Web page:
Underwriting for sub performing

4 Replies

I understand how to underwrite a performing note. I also understand that underwriting a non-performing note is about checking the return against several possible exits. And you create an offer based on the likelihood return give the exits possible and their likelihood.

I saw a loan the other day that was listed as performing, but was sub performing. They borrower mostly consistently paid, but not the full amount. I’m wondering if people usually build a different mode entirely for sub performers like this, or if they build a non performing model that can handle it.

@Peter Halliday

Not one answer to this in the sense of “it depends”

If you run the analysis based on the current payments coming in and your required return what is that purchase price?

If that purchase price is reviewed and you underwrite it then as a NPL and numbers don’t work then run it as a NPL to see what the target acquisition price is but if the numbers work as a non Performer and semi performer then go with that.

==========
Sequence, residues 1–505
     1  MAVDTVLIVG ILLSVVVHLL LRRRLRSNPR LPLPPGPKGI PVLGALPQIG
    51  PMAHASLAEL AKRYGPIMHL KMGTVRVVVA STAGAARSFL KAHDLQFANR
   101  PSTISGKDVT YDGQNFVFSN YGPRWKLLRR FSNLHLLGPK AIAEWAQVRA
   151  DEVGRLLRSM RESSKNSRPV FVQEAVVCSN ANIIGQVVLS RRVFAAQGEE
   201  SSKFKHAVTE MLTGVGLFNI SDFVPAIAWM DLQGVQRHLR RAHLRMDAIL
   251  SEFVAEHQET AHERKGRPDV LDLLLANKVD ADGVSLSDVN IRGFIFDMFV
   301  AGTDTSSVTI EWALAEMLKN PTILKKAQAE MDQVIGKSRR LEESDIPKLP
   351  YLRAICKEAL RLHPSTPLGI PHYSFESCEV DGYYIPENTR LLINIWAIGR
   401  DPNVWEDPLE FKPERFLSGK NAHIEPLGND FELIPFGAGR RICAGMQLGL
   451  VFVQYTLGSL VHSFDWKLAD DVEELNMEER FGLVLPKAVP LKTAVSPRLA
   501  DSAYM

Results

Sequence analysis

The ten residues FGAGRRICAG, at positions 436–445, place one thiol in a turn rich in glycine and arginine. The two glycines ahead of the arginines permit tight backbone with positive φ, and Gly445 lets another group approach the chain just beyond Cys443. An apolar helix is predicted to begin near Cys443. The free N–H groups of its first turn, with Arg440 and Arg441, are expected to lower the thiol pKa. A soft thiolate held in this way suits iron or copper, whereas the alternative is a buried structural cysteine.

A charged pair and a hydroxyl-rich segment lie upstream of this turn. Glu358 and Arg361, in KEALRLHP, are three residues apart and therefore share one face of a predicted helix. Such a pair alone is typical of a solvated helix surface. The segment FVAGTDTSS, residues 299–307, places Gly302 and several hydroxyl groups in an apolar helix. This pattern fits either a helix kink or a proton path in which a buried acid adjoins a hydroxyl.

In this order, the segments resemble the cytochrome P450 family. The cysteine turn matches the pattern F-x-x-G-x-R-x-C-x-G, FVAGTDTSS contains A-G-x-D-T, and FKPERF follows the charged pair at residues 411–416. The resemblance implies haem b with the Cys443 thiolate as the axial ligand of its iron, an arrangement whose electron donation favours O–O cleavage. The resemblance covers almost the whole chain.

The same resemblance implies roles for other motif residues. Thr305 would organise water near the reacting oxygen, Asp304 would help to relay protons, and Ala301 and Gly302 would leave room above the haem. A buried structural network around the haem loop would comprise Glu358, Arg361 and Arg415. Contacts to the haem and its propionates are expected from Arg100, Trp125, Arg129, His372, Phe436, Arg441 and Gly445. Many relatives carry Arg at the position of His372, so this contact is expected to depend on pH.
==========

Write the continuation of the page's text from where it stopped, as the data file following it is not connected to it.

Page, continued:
I would say most semi performers don’t go to foreclosure the ones I have had typically go the BK route.

Gurus and online exchanges love to put notes into two distinct categories, but the reality is that much of note investing (and much of life), is about working in the messy gray area. You can treat a sub-performer like it's a non-performer but raise your acceptable yield, or treat it like a performer and lower your acceptable yield (more risk obviously). I tend to treat them more like NPLs that have a better chance of re-performing than a true NPL. 

Every note really has two parts: the #s and the story (I didn't come up with that). Hence, like @Chris Seveney said, it depends. 

If you have the pay history, take the average number of payments in any given year then multiply the inverse of that by your desired yield. 

For example, if you are looking for a 10% yield and there are eight out of 12 payments made on average every year then price it at a 15% yield.  If they reinstate on the arrears that they are behind on, that is an added bonus

I agree with the others in that you have to find a hybrid model that uses performing and non performing and tailor it to your needs.